FINALLY, the streets of Ireland are plastered with ‘vote yes’ and ‘vote no’ posters, both claiming they will save us from economic doom.
No doubt, you’ve trilled to the sound of the referendum commission adverts droning through the details of what it is we are voting on and how it is terribly important that you exercise your mandate, because, if you don’t, the issue could go the wrong way and it will be All Your Fault.
For those unable to muster any passion about the fiscal compact — or for those who feel that a ‘yes’ or ‘no’ vote won’t make much difference — there’s been little to engender enthusiasm or even to make a special diary entry for polling day. Whenever that is. The continuing chaos in Europe has some of the ‘yes’ side admitting that it might not be too clever to ratify the compact until we know, for sure, if the new French president is a raging commie or if we’ll be using old socks for currency by the end of the summer.
Yet, this week, Michael Noonan may have accidentally hit upon a way of giving the ‘yes’ side the impetus it has been sorely missing until now: Irish people should vote ‘yes’ because we are not Greece.
Actually, it’s surprising the Government hasn’t used this one before. Perhaps it’s because it was one of the favourite mantras of the previous administration. Just before the country was plunged into penury.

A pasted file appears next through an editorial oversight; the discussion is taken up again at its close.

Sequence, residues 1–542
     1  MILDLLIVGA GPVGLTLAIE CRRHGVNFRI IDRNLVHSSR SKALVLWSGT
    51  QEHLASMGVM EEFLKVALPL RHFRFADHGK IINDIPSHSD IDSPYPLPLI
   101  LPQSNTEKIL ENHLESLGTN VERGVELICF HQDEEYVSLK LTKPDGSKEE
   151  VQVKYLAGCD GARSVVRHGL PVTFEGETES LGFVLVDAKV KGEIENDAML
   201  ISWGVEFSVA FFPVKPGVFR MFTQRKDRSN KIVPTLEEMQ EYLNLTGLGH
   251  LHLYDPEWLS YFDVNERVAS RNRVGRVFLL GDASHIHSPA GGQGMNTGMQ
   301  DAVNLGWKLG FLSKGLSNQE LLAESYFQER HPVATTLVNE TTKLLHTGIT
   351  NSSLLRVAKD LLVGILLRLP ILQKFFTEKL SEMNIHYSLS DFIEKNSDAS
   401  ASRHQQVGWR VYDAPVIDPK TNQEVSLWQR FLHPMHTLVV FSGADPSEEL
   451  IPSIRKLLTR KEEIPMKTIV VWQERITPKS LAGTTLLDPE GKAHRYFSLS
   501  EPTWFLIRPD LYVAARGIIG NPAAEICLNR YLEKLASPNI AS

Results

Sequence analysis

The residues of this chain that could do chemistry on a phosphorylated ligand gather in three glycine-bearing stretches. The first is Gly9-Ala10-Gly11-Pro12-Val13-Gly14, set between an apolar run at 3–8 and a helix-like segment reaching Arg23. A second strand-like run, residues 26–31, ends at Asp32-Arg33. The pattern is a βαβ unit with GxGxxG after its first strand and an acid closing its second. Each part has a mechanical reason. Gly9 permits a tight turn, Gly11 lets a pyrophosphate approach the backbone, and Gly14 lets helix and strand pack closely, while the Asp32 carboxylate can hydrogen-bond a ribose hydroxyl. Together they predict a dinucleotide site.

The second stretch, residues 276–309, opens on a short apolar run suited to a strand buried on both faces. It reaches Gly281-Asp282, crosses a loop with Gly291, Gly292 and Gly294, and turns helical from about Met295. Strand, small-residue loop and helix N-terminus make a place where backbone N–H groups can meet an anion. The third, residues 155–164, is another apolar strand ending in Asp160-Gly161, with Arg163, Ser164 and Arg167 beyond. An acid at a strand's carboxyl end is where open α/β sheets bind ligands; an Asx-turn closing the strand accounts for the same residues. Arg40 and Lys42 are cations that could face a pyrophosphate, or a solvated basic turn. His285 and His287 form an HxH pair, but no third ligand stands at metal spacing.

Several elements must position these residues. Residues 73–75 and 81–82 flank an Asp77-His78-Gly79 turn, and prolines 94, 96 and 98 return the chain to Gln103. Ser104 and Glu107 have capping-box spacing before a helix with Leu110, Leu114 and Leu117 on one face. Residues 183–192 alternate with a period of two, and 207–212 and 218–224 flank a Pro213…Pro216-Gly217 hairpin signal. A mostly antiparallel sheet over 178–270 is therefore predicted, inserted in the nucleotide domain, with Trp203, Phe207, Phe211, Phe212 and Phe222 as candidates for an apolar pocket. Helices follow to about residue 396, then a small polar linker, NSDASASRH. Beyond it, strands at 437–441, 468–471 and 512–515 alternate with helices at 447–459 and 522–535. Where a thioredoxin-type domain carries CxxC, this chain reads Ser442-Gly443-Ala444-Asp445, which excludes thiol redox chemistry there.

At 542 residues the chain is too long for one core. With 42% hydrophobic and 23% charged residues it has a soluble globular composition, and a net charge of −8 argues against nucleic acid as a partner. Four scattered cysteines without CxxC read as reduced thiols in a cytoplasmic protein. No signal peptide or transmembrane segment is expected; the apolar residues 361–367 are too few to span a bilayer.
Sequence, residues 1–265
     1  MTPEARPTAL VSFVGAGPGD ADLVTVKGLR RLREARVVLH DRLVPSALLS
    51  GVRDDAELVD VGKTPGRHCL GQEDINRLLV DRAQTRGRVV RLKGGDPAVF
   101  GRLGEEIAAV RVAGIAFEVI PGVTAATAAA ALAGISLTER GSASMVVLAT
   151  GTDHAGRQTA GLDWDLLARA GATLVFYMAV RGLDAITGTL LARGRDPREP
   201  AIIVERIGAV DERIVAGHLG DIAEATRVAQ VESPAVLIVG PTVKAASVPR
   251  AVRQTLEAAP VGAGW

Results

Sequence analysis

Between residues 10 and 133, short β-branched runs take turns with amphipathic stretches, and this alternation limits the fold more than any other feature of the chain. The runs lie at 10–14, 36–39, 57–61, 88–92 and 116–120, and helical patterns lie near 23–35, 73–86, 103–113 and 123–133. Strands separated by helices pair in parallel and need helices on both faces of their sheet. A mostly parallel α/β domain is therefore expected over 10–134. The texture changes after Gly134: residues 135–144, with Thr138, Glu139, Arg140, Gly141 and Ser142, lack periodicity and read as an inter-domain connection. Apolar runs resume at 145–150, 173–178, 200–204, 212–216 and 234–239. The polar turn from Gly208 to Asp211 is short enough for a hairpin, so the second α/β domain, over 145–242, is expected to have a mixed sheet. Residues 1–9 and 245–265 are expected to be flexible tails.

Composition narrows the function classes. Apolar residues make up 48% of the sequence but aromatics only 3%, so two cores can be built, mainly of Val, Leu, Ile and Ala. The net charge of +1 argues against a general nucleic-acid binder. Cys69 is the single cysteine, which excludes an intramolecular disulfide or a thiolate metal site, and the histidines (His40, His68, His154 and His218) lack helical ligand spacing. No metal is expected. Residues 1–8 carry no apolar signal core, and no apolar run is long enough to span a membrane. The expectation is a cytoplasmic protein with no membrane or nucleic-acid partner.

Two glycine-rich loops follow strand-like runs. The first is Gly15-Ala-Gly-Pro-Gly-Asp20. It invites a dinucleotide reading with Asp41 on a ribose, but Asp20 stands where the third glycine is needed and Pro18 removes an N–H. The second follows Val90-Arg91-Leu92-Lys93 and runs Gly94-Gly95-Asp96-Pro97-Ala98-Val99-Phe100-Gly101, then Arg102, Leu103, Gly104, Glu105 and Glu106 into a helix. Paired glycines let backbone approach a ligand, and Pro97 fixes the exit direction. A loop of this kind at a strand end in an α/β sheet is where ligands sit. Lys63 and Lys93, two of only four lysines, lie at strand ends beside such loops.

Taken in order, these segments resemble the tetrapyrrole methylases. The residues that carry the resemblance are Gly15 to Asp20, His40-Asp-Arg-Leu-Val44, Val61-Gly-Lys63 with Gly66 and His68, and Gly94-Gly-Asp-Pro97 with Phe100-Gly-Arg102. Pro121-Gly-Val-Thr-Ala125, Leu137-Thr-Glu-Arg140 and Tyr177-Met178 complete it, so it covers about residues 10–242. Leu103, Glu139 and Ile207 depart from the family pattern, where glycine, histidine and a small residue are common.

But, hey: everyone knows the voters can’t remember what happened last week, never mind a few years ago. And so, last week, we had the minister for finance’s hilarious ‘feta cheese’ gag, which, through the medium of quips, demonstrated the scant economic links between the cradle of civilisation and us. So, over the next few weeks, you can look forward to squads of politicos forcefully pointing out the inherent un-Greekiness of the Emerald Isle. They vote in anti-austerity lefties; we don’t. They protest; we don’t. No one likes the Greeks; but everyone loves us. It rains here; it doesn’t there. We like rice pudding; they don’t even have rice pudding. (Unless they did something unspeakable with feta cheese).
The explicit threat, of course, is that rejection of the fiscal compact will turn us into Greece. If we vote ‘no,’ then, suddenly, all Irish men will grow moustaches and women will sprout bushy underarm hair. Everyone will think of us as deadbeats who don’t pay tax and who deserve to get kicked out of the euro — and would be only for the fact that it might bring down the European economic system. So, they’ll probably be let off another huge wodge of debt. You know, the stuff we’re paying back. And there isn’t a voter in this country who would want that.
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